AUDIO: The Regiment & Random’s “A Gamer’s Anthem” (EP)
The Regiment has put together a project with MegaRan, a/k/a Random for a bit of video game trickery, musical style. It’s an EP called A Gamer’s Anthem (HiPNOTT) so put down your controls for a bit and put these songs on for awhile, have some fun. Grab a doughnut or two, put together a bowl of pork hash, and dig up.

VIDEO: Mega Ran’s “Turn Me Down”

Whether you know him as Random of Mega Ran, the man has a new EP out called Trap, and “Turn Me Down” is one of the songs on it, which comes now in the form of a promotional film clip (a/k/a “music video) directed by Cedric Owens and featuring model Keylor Leigh.

Mega Ran will be joining Homeboy Sandman and Open Mike Eagle on tour beginning this Thursday at an all ages show in Los Angeles. You may go through the rest of the tour dates by clicking here.

As for the EP, Trap is available for free but also has a “Name Your Price” option so if you like the music, show some support.

BANDCAMP SUGGESTIONS: Reef The Lost Cauze x Haj of Dumhi’s “Sirens On Snyder” (EP)

 photo ReefDumhi_cover2_zps659c12bd.jpg As I write this, this EP is not even 30 minutes old but it may be one of the hot hip-hop albums to have this spring. It’s a new collaborative project between Reef The Lost Cauze and Haj of Dumhi, and Sirens On Snyder is what has come to fruition after their initial collaboration five years ago. This EP also features guest spots from Ether Cee, Side Effect, Random, and Burke the Jurke, a bit of Philadelphia representation and then some. You may now stream and listen and if you’re into it, consider making a purchase.

FREE MP3 DOWNLOAD: Dumhi’s “The Scene (You Don’t Know)”

The Dumhi movement continues with a brand new single featuring two tracks for your listening pleasures. “The Scene (You Don’t Know” has Haj scooping up Random (a/k/a Megaran), Open Mike Eagle, Burke The Jurke, and Doodlebug (a/k/a Cee Knowledge) of Digable Planets.

It could easily end there but no, you also have “Sacred Papercuts” where Rich Quick, Nico The Beast, and Scanz each add something to the stew. Grab a spoon and have a taste. Can’t? No excuses, it’s free for the time being.

VIDEO: Random’s “Buggin’ (The Metamorphosis)”

You may have heard him before as Mega Ran, but some of you may know him or also know of him as Random. His new album, Language Arts, will be released in the form of three separate EP releases, with volume 2 to be unleashed on August 21st. Each album can be heard on its own terms, but get all three and you’ll be able to grasp what he’s trying to say and achieve with all three.

FREE DOWNLOAD: Savant x Random x Phill Harmonix’s “Just Wanna Know (Hexsagon Remix)”

Brand new collaborative track by Savant, Random, and Phill Harmonix comes in the form of “Just Wanna Know”, and this one comes in the form of a remix by Hexsagon. For Hexsagon, this comes after putting up the latest installment of his Beat Flip Tuesdays series (which you can also download for free via Bandcamp by clicking here). If you like any of them, or have been interesting in finding out what each of them are about, try this song. Again, it’s a free download, no excuses.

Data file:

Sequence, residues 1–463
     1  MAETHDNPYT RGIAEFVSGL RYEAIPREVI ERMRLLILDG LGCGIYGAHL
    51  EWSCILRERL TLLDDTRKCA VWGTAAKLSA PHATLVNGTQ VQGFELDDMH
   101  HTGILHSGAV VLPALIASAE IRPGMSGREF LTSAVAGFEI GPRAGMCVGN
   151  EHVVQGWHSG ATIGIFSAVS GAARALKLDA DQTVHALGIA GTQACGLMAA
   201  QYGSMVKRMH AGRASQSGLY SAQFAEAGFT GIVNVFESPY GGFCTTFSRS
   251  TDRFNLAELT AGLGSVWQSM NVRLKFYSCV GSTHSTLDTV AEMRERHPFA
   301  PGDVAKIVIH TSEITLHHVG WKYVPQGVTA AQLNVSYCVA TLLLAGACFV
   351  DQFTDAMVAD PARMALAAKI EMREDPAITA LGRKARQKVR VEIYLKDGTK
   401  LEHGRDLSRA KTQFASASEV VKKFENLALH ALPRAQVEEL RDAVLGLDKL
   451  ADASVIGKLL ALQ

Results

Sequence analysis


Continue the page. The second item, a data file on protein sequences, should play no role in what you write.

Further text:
REVIEW: Dumhi’s “The Jungle”

Photobucket Dumhi remains one of my favorite hip-hop groups out there, but then it became known that the group was not only a functioning collective, but a project from the mind of Rajan Jugran. In other words, Dumhi can be a two-headed beast at any given time, and one of those heads may branch out to reveal three, four, or twelve more heads atr any given time. It’s my of saying that when it remains to be a group vibe, Dumhi is a unit of people. When it wants to be a means of musical exploration from one man, Dumhi is one man.

First off, I want to apologize to Dumhi as a whole for the delay in this review. The album arrived at a time when a number of other albums were coming in, to the point where I felt I was being bombarded with new music. Yes, I realize you guys are saying “Book, we’re fucking Dumhi, you’re our boy, put us on the top of your listening pile and make us a priority.” I know, and again I apologize. But now that I’m listening to the music, looking at brick buildings and barbed water, and hearing how they are a perfect fit, and I now regret delaying my Dumhi intake.

The Jungle (self-released) looks like a serious album, you don’t place a photo like that on the cover to make people think “oh, this is a happy album”. The tone is somber and dark, perhaps just like the times we live in. While not a concept album, there is a running theme, that of how life and the surroundings we live in feel more like a jungle, and the jungle seems to be getting bigger and more wide spread. Has that jungle always existed? Were the schoolyard jungle gyms a microcosm of what we were going to grow into, or just a middle finger from our parents as a message which reads “ha ha, you on your own now, son”?